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Annual Percentage Rate Explained - Articles Surfing

Annual Percentage Rate or APR is a yearly rate of interest that includes all of the fees and expenses paid to acquire the loan or credit card. APR can vary anywhere from around 3% right up to 21% and beyond.

APR for Loans:

APR is a standardized expression of the interest rate that applies to a loan or credit card, taking into account at least some of the one-time fees that are applied by the lender. There are several ways to calculate APR, but the process generally includes 3 main steps. Firstly, all one-time costs are added onto the loan amount. Next, the monthly repayment for the loan is calculated based on the loan's specified interest rate. Finally, the interest rate, that would have to be applied to the full loan amount in order for its repayments to equal the calculated monthly repayment, is calculated.

To see this in action, consider the following simplified example where you borrow $1,000 and there is a loan setup fee of $50, making the total amount borrowed $1m050. If the interest rate is 10% (compounding monthly) and the term of the loan is 12 months, then you will need monthly repayments of $92.32 to pay off the $1,050. However, a for the monthly payment of a 12 month, $1,000 loan to be $92.32 would require an interest rate of 19.32%. So, the APR is 19,32%. If the term of the loan was longer, for example the loan was for 10 years instead of 12 months, then the loan fees would be spread across this period, and the APR would drop significantly.

The aim of using APR is to calculate a total cost of borrowing, and to make the interest understandable to an average consumer, so that they can compare loans to determine the best deal and also understand the loans that they already have.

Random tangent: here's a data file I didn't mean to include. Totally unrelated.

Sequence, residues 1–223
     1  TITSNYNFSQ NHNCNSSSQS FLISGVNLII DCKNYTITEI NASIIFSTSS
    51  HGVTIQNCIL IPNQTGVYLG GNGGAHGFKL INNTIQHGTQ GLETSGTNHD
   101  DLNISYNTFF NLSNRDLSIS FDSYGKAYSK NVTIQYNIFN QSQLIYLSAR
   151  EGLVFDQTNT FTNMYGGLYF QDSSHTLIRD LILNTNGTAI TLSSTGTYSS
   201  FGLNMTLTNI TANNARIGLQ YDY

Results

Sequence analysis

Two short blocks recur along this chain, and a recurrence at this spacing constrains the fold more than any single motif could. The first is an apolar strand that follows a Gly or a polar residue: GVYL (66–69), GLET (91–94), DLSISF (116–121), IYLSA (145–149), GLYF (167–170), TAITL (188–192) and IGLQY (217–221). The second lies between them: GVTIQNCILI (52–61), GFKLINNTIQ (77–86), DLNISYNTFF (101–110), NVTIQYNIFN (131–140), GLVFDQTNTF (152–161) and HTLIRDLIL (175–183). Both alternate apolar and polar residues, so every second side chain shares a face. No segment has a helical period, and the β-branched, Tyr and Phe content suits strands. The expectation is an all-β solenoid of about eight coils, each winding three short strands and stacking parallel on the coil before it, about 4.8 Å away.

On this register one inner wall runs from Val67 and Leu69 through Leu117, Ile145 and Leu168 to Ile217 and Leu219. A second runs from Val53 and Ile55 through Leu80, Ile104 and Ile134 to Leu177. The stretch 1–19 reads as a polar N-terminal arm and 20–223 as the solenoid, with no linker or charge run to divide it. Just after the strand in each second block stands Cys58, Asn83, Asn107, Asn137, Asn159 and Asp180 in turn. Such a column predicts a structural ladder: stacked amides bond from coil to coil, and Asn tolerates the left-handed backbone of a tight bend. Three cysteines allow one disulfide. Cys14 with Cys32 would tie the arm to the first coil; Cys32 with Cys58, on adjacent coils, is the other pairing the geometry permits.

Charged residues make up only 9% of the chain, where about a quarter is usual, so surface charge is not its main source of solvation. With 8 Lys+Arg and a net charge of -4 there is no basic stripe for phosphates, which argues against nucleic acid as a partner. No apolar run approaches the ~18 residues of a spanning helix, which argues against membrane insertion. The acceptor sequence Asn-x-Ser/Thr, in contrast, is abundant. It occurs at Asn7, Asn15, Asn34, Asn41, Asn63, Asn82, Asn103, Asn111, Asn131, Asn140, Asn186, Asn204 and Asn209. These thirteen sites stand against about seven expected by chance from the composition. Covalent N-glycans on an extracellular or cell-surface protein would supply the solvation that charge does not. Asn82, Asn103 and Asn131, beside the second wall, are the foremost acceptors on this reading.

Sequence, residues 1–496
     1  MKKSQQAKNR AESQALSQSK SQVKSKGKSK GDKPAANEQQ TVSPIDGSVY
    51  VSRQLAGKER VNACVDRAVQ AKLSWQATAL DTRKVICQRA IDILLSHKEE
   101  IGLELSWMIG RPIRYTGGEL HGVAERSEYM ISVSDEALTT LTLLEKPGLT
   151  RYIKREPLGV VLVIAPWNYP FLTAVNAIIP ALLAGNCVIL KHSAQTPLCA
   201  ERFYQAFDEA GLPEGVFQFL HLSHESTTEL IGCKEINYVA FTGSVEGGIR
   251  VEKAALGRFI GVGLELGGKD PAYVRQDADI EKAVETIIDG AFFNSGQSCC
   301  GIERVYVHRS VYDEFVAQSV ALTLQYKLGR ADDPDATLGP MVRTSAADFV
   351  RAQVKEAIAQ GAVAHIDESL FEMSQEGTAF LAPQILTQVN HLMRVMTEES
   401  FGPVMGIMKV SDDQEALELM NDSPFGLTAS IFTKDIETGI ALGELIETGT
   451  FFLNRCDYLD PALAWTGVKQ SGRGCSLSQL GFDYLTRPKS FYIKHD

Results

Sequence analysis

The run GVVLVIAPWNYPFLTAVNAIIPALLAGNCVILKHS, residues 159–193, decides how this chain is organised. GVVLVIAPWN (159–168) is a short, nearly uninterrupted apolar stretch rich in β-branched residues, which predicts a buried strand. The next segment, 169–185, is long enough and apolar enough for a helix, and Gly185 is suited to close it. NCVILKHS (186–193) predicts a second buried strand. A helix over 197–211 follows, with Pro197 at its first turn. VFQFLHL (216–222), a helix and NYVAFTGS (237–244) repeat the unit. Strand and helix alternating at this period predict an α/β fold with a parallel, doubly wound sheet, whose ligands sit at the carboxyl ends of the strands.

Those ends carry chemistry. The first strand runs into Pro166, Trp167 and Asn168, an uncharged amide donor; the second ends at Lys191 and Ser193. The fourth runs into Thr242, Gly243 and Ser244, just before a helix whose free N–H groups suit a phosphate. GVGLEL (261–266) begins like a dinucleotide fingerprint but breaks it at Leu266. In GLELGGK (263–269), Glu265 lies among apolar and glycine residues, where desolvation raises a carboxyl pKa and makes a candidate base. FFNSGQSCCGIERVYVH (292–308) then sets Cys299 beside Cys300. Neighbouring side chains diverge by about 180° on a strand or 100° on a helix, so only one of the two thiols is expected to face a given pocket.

Unfortunately, despite repeated attempts by regulators to establish a single standard for the calculation of APR, it does not always represent the total cost of borrowing nor does it really create a standard that allows consumers to precisely compare the costs of a loan.

The main issues in the calculation of APR arise because the definition for the calculation of APR does not specify which one-time fees must be included and which can be excluded. For example, should APR take into account fees and commissions that are paid to someone other than the lender ? Should APR include penalties, such as late fees ? As a result, it is partly up to the lender to determine which fees are included (or not) in the calculation of APR.

In addition, APR is also highly dependent on the term of the loan. For example, the APR for a loan with a 25 year duration cannot easily be compared to the APR for another loan with a 15 year duration.

APR for Credit Cards:

For credit cards the APR is a much simpler calculation. Due to the fact that the amount of money borrowed really isn't known, you can not use the formula that is used for most loans. It's simply a calculation of what the effective interest rate is for one year when you take into account that the interest is compounded monthly.

The formula for this is apr=(interest/12 + 1)^12. So for a card with a 10% interest rate it would be apr=(0.1%/12)^12, which is apr=1.0083^12, so apr=1.104 or approximated 11%. Really you should never have to calculate this yourself though.

Submitted by:

Jeremy Zongker

Provided by Creditor Web. Creditor Web empowers consumers to compare and apply for a credit card online.



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